WASHINGTON — People feel worse when they tell only part of the truth about a transgression compared to people who come completely clean, according to new research published by the American Psychological Association.
Cheaters who confessed just part of their wrongdoing were also judged more harshly by others than cheaters who didn’t confess at all, according to five experiments involving 4,167 people from all over the United States. The article appears in the February issue of APA’s Journal of Personality and Social Psychology.
“Confessing to only part of one’s transgressions is attractive to a lot of people because they expect the confession to be more believable and guilt-relieving than not confessing,” said lead author Eyal Pe’er, PhD, who ran the studies at Carnegie Mellon University and is now at Bar-Ilan University in Israel. “But our findings show just the opposite is true.”
Confessing to some bad behavior was more common than making a full confession among those who cheated as much as possible in the study. But only telling part of the truth, as opposed to not confessing at all, was more likely to lead to increased feelings of guilt, shame and anxiety, the research found. In other words, it’s best to commit to an all-or-nothing approach when it comes to confessing, said Pe’er, who conducted the research with Alessandro Acquisti, PhD, of Carnegie Mellon University, and Shaul Shalvi, PhD, from Ben-Gurion University in Israel.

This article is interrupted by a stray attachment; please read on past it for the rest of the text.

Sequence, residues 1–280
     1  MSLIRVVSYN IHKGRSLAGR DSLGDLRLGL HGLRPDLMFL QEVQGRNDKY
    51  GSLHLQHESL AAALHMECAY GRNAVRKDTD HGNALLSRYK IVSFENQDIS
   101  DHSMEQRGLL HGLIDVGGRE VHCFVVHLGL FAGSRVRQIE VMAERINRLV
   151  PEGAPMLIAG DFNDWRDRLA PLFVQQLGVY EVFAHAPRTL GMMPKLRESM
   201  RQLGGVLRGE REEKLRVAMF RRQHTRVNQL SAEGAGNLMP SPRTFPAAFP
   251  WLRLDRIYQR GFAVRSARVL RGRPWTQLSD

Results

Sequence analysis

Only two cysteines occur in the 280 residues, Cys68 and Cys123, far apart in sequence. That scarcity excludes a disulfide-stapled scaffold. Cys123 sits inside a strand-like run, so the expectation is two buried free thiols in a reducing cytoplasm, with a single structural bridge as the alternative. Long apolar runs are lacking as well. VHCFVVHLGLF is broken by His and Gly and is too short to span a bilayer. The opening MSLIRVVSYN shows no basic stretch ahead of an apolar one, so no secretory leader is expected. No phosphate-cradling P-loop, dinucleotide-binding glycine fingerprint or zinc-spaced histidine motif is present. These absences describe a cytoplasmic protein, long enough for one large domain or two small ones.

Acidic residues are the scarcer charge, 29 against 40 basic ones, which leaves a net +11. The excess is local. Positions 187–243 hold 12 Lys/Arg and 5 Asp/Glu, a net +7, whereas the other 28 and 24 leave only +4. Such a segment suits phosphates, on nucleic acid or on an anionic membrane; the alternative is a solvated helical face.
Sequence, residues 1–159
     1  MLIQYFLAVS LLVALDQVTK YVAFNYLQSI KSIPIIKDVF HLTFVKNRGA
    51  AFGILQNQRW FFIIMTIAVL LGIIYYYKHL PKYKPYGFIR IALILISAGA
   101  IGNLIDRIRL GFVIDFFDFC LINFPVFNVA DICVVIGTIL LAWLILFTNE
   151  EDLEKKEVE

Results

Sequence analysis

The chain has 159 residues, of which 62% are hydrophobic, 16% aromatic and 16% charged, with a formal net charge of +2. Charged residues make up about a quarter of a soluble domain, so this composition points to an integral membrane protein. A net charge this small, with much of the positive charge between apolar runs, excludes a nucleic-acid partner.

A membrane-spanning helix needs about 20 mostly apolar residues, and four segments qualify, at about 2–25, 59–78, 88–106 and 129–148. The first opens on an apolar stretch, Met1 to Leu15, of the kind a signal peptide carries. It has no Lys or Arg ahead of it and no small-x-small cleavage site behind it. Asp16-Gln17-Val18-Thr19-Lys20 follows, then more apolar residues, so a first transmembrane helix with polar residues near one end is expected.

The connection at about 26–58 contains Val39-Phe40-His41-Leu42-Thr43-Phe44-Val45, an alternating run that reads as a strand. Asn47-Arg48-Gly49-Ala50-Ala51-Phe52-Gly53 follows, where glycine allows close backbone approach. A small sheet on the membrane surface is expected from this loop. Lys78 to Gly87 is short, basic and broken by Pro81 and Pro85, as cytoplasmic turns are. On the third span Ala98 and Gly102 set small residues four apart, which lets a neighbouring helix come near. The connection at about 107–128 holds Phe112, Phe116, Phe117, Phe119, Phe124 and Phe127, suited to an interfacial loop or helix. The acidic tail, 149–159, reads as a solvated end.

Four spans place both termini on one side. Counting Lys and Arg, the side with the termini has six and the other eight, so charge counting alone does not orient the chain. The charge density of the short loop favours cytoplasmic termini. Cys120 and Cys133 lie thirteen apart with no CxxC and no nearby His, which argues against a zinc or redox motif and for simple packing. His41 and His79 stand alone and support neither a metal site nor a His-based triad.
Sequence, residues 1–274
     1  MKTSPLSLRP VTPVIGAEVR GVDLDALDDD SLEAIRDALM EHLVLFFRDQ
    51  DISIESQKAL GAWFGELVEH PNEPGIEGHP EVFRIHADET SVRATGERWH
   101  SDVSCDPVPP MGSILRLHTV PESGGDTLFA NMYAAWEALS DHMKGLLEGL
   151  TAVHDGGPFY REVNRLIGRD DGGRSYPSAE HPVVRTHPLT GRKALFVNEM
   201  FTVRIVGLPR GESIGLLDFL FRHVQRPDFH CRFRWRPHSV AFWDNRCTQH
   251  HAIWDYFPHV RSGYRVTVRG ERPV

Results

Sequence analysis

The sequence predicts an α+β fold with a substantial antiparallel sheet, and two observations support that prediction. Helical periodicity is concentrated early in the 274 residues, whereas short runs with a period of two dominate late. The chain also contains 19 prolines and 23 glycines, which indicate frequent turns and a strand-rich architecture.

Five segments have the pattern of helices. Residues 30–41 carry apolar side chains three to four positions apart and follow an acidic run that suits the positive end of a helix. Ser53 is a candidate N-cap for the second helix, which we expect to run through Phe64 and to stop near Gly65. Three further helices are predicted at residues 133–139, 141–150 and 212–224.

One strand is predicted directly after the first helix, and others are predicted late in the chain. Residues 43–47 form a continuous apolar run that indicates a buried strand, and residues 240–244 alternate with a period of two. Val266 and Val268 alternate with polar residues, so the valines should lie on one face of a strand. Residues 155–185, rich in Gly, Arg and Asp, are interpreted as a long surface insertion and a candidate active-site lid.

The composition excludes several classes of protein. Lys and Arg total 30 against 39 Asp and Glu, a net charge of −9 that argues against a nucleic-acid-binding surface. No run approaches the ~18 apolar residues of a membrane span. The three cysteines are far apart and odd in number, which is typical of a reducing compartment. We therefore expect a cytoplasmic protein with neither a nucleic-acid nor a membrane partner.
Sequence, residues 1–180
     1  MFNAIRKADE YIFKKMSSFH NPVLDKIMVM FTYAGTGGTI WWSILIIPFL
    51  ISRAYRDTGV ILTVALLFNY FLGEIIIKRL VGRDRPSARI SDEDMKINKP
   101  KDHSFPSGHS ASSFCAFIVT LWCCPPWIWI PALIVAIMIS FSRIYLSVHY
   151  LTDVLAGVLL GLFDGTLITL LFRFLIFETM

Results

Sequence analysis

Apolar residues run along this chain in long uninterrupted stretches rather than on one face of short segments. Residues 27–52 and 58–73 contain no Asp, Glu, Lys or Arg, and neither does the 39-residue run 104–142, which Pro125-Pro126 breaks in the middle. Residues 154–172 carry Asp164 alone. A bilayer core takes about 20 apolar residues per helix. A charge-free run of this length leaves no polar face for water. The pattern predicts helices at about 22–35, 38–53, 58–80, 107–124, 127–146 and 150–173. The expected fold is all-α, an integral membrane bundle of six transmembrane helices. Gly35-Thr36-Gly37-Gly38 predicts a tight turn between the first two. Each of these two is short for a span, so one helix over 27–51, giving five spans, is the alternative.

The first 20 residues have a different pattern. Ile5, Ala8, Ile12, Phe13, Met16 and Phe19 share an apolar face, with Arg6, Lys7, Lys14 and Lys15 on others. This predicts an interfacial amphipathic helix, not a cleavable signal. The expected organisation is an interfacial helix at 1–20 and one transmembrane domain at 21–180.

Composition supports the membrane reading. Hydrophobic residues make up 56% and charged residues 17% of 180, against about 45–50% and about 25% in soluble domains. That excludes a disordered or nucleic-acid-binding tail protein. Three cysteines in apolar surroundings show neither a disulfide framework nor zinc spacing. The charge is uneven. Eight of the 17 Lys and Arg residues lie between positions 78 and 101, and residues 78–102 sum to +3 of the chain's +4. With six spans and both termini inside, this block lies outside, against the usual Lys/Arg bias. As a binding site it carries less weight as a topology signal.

All of the experiments were conducted online. The first involved virtual coin tossing, in which participants were asked to predict the results of 10 coin tosses and report how many times they were correct. They received a 10-cent bonus for each correct guess.
In that study, which involved 2,113 people (58 percent male, average age 30), 35 percent of participants cheated by adding about three correct guesses to their report. Among those who cheated, 19 percent then confessed — and of those, 60 percent confessed to everything and 40 percent confessed partially. Researchers assured participants that even if they acknowledged cheating, they would still get paid according to their original report. The percent of partial confessors was higher among those who cheated to the fullest extent, whereas it was lower among those who cheated to only some extent.
In another coin-tossing experiment involving 719 people (65 percent male, average age 29), the researchers asked participants to report their feelings, both positive and negative, just before or after their decision to confess. Participants who partially confessed, especially those who cheated the most, expressed more negative emotions, such as fear, shame and guilt, compared to those who confessed everything, did not confess or did not cheat at all. The participants in both coin-tossing experiments were unaware that the researchers had tracked the outcomes of their individual coin tosses and compared those outcomes to what each participant reported.